AMHERST, N.Y. (WIVB) — “We started out as a lie,” Alice Cooper said Tuesday afternoon during his talk at the University at Buffalo’s Center for the Arts. “He said he was a manager and I said I was a singer.”
Cooper’s longtime manager, Shep Gordon, joined Cooper for the talk, titled “Alice and Shep: A Friendship Forged in Rock and Roll,” in which they discussed their longstanding friendship and business partnership, as well as the construction of the Alice Cooper character, Alice’s music career, and his Tuesday night show at Shea’s in downtown Buffalo.
Cooper made sure to clarify that the man the crowd saw before them was not the character that would take the stage at later in the evening.
“Alice Cooper the character plays tonight onstage. I’m not him now, but I’m excited to play him,” he said. “Because he’ll be this condescending villain.”
No More Mr. Nice Guy: Creating Alice
Cooper and Gordon have been friends and business partners for 53 years, never having a contract between them, and having immense trust in one another.
The pair discussed the construction of Cooper’s character. Cooper said he saw a lot of ‘good guys’ and hero types amongst rock stars of the time, but wanted to play an evil character.
“There were all these Peter Pans and no Captain Hook,” he said. “I thought, ‘I’ll be Captain Hook.'”
In addition to the character, Cooper also discussed building his famous act with horror elements.
“If you’re going to say ‘Welcome to My Nightmare,’ don’t just say it… give them the nightmare,” he said, adding that parents hated the band. This led to the group marketing toward those parents’ children.
He said Alice — the creature threatening pearl-clutching parents across the globe — didn’t belong on Hollywood Squares and late night talk shows.
“Alice only wanted to be onstage. He wanted to live there, so I left him there,” Cooper said.
Welcome to My Nightmare: Making it, pre-internet
Gordon said the two ways to make it as a musician in that time were through the press or through the radio. Knowing nobody wanted to pay to put Alice Cooper on the radio, the group opted for the former. And Alice, a former journalism student, said he knew a tabloid headline about a boy born with a dog’s head would sell better than a story about Nixon cutting taxes.
The allure of the Alice Cooper productions got the band in the media and got kids buying albums. Cooper said the band felt embarrassed as their music climbed the charts over artists like The Beatles and The Rolling Stones.
“We gotta call The Beatles and say ‘I’m sorry,'” Cooper recalled thinking.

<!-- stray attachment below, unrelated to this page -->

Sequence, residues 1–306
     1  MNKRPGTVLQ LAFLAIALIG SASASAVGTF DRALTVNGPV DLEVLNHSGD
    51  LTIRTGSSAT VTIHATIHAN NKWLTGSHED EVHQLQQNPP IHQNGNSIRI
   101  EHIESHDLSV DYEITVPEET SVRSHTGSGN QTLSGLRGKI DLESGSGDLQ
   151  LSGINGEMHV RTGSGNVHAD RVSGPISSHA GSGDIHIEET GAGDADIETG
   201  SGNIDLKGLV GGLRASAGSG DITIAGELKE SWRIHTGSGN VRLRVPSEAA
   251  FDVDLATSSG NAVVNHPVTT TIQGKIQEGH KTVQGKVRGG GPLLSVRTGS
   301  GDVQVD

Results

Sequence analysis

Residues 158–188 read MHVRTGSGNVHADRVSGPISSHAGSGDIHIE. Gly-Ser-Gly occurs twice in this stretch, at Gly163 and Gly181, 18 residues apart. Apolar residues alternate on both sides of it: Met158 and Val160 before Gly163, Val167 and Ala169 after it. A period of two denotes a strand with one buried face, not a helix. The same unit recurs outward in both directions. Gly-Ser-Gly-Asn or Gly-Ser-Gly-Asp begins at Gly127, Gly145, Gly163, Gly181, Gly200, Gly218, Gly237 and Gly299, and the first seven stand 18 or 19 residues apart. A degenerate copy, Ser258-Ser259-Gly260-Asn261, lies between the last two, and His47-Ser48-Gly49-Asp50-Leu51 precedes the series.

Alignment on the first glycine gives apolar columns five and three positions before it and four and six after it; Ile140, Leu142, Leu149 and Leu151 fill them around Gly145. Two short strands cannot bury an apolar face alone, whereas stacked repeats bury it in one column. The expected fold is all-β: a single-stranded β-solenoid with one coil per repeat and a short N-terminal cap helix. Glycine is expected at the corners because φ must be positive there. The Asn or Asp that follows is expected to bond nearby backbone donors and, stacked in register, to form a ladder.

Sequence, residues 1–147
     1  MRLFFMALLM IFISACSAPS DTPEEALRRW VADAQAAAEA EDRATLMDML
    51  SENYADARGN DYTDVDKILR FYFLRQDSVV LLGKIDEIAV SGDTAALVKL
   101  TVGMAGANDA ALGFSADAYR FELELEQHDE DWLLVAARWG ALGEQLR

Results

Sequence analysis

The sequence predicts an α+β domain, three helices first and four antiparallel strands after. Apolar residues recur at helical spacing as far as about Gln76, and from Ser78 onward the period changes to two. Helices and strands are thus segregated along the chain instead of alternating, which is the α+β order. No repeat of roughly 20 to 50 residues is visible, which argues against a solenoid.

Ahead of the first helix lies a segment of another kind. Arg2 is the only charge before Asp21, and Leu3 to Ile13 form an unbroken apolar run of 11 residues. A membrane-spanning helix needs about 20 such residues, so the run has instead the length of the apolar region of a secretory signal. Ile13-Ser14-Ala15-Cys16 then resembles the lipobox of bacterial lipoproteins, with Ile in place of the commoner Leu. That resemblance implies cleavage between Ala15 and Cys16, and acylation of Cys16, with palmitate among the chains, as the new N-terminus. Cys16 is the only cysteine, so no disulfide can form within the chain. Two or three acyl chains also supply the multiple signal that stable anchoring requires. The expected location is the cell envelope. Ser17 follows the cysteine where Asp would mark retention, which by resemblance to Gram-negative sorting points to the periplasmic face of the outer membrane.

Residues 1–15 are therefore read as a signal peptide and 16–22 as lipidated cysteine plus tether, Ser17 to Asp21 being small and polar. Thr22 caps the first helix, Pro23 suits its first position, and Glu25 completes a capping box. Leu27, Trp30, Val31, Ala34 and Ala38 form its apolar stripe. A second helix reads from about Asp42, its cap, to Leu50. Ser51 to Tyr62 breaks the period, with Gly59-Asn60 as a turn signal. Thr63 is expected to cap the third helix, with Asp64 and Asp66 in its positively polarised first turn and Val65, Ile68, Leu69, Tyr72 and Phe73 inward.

Gordon reminisced that when it came to sell the band abroad, Gordon turned to local news in London to see what the biggest stories were.
“When they said traffic, I said, ‘I got ’em,'” Gordon said.
Gordon explained that they got a truck driver who was willing to be arrested, put a large photo of a nude Cooper with a large snake wrapped around him, covering his private parts, then parked the truck in Piccadilly Circus — the busiest part of the city, to ensure it got on TV.
“They tried to ban Alice Cooper from London. The show sold out in 18 hours.”
Cooper said he began to see the affect the band had on its audience, as kids were wearing top hats and makeup, dressing as Alice.
Gordon broke down the process of playing a prank on the City of Buffalo years ago, in which he and several others created a fake world leader, having a friend in New York City send the Queen City’s then-mayor a letter from the Western Union inside the United Nations. He said the mayor reserved a room for the figment and the story ended up in the Buffalo Evening News.
“My intentions were strictly to make a living and buy us dinner,” Gordon said. He later added that Binghamton was the first place in America where Alice was banned.
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Gordon and Cooper were first introduced by Jimi Hendrix, however, the pair also recalled humorous interactions with other legendary artists, including Frank Zappa, Salvador Dalí, and the Muppets.
Frank Zappa: “I don’t get it,” Cooper recalled Zappa telling him and his band. “I don’t get what you are doing. I’m Frank Zappa and I don’t get it. That’s a good thing.”
Salvador Dalí: Cooper discussed a dinner he had with Dalí, in which, in lieu of paying the bill, Dalí signed the tablecloth, making it worth more than the bill cost. “I’ll get the tip,” Cooper responded, signing underneath Dalí’s name.
The Muppets: Cooper credited his appearance on “The Muppet Show” with being one of the most effective things for the character. It humanized Cooper, drawing a line between the character and the man behind the makeup. “I’ve never had more fun in my life,” he said. He drew laughs from the audience when he explained how easy it was to begin talking to the Muppets as if they were actual people.
School’s Out: Cooper’s closing sentiments
Cooper credited Chuck Berry, whom he called the “best lyricist of all time” for inspiring him to write music the way he does. He explained that many of his songs start with the title and then write themselves from there, using “School’s Out” as an example.
As far as his past music goes, Cooper said he still enjoys performing those songs, but is not as sentimentally attached as he used to be.
“I don’t sit around thinking of my songs being ‘precious,'” he said. “I’m worried about the next album.”
Following the talk, Cooper and Gordon were presented with UB t-shirts, which they displayed proudly.
And the final words Cooper said onstage?
“Buffalo’s going to win the Super Bowl.”